What we think

Having first played Klang at EGX 2016 I couldn’t wait to get my hands on the full version of Tinimations’ new rhythm based platformer. The ‘TRON’ style visuals and unique rhythm-based gameplay immediately drew my attention, and as soon as I had finished the demo I was craving the full release.

Klang is a rhythm-platformer that challenges you to climb a neon lit tower and face off against a plethora of environmental dangers and beat-blasting enemies. You fight your way through tracks (levels) to eventually reach and overthrow the Soundlord Sonus, the game’s main antagonist.


Although Klang doesn’t have too much of a story to be told, the few cut-scenes that are there have enough in them to offer at least a basic feeling progression to the game. You take on the role of a dual wielding Warrior with the best tuning fork swords ever seen in gaming. Seriously, check them out, they’re amazing. You quickly work your way through tracks and take down a variety of enemies and bosses, each track rewarding you with a score upon completion based upon how good a job you did.

The visuals of Klang deserve a big mention. From the cut-scenes to your surroundings, from the character designs to the dynamic change of colour of the environment when you’re losing life – everything you see in Klang is visually stunning, with the vibrant neon lights bringing the world to life and engrossing you into the epic beat-busting experience. Add to this the pumping music that plays alongside each level and you have yourself a great base for a standout game that both looks and sounds incredible.

Whilst working through the game’s stunning environments, you run into a wide range of enemies trying to kill you, either by shooting sound waves your way or by destroying the ground your standing on. Fortunately your tuner fork swords can deflect these sound waves back at your enemies, essentially allowing you to use their own weapons against them. Whilst a more effective means of attack might have been to jam my tuning fork sword into enemy skulls, there was a real sense of satisfaction to carefully timing my actions to rebound each attack back at the enemy.


As an enemy attacks, a sound wave gauge will come at you from one of eight directions. You simply have to move the right analogue stick in the corresponding direction just before impact, allowing you to deflect the attack and keep on the offensive. It might sound simple, but it actually gets pretty intense the further you progress into the game. Attacks are constantly coming at you and you’ll be flicking the right stick in so many directions that it can start to feel overwhelming; Klang certainly pushes your ‘thumb flicking’ skills to their boundaries, which is something I found out the hard way.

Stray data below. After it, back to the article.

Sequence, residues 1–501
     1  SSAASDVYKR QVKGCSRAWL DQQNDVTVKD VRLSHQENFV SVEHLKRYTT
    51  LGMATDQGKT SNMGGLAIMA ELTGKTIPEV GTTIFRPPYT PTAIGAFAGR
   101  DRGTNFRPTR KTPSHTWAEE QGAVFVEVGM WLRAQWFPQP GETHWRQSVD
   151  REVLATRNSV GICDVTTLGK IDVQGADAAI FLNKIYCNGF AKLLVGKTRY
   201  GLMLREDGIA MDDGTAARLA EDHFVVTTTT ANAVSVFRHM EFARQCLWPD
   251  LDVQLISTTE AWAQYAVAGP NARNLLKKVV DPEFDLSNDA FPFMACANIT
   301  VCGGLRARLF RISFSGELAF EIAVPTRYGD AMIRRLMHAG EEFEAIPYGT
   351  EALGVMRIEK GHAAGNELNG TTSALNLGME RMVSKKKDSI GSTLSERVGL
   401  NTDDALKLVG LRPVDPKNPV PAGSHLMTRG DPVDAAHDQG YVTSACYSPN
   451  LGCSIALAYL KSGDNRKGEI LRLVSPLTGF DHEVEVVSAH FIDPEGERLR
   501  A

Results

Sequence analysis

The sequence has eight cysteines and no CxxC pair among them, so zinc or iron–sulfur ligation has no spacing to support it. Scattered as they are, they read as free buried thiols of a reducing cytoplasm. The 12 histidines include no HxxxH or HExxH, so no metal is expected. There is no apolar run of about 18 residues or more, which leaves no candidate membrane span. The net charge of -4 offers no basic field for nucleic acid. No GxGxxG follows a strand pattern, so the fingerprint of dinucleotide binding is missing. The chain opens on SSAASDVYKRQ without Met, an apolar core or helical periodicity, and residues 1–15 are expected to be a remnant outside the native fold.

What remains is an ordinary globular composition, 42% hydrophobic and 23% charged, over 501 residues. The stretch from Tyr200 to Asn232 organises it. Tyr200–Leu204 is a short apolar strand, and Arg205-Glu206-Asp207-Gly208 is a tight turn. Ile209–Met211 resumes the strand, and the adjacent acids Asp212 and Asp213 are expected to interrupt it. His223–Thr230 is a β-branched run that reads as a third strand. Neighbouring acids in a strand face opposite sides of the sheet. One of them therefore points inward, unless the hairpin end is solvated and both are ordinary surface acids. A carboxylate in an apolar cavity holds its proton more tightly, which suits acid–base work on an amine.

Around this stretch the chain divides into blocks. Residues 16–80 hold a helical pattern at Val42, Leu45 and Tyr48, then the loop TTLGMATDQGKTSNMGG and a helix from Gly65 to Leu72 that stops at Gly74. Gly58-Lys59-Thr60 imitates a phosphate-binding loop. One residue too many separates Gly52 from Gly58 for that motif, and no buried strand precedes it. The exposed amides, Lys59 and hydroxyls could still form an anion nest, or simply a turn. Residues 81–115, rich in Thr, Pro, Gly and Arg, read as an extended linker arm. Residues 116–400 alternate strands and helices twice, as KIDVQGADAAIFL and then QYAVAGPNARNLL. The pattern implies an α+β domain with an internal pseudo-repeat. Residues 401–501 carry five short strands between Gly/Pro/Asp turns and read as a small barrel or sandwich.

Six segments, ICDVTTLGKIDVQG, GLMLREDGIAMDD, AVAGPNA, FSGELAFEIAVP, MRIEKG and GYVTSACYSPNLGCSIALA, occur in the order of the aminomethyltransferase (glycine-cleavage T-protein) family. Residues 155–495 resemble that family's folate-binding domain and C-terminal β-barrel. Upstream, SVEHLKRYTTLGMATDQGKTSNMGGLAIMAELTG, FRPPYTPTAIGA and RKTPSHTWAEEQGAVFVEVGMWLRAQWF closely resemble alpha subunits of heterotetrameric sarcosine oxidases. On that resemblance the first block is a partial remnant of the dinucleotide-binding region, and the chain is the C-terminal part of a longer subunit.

Besides deflecting attacks, new complexities come into the game the further you progress. Klang starts to introduce new commands for you to learn, in particular sliding and jumping. All sounds straight forward right? This is where the hectic difficulty comes into the mix. Not only do you have to dodge and deflect attacks, but you have to do so while running left and right or jumping to avoid lasers, rockets and disappearing platforms. This becomes very complex – miss one and it’s probably goodnight.


I suffered a crazy amount of deaths simply trying to play through each track, yet Klang always managed to draw me back in. I never felt that enough was enough and I always had to have ‘one more try’ – even if some tracks did see those ‘one more tries’ come into double figures. It’s a testament to Klang’s enjoyable gameplay (and perhaps a little bit of my perseverance) that even when the game kept beating me down, I kept coming back for more.

Klang features three difficulties, with each different setting affecting the highest grade achievable to you for completing a level. ‘Easy’ restricts you to Grade B, ‘Normal’ to Grade S, and ‘Nightcore’, the insanely difficult mode that only becomes available after completing the game, allows you to unlock Grade SSS – that’s if you’re good enough and are up to the challenge.


Trying to best previous track grades and tackling ‘Nightcore’ mode adds to the replay factor of Klang. I managed to complete it in just over two hours, so Klang isn’t the longest game you’re ever going to play. There are the hidden bonus rooms to find scattered across levels too though, all of which offer something a little different and are actually well worth hunting down.


Klang can be a very frustrating game and you will die a lot during your time with it. It will test your will, determination and definitely your multi-tasking capabilities, but stick with it and a great feeling of accomplishment and satisfaction awaits you.

If you’re a fan of fast-paced action-packed platformers then Klang is a game not to be missed. It’s a short challenge and could have probably done with a little more storyline, but the stunning visuals and unique mix of rhythm-platforming gameplay make Klang one of the most addictive and satisfying games I have had the pleasure to play.

Developer: Tinimations
Publisher: Snow Cannon Games
Release Date: 22/09/2016
Format(s): PC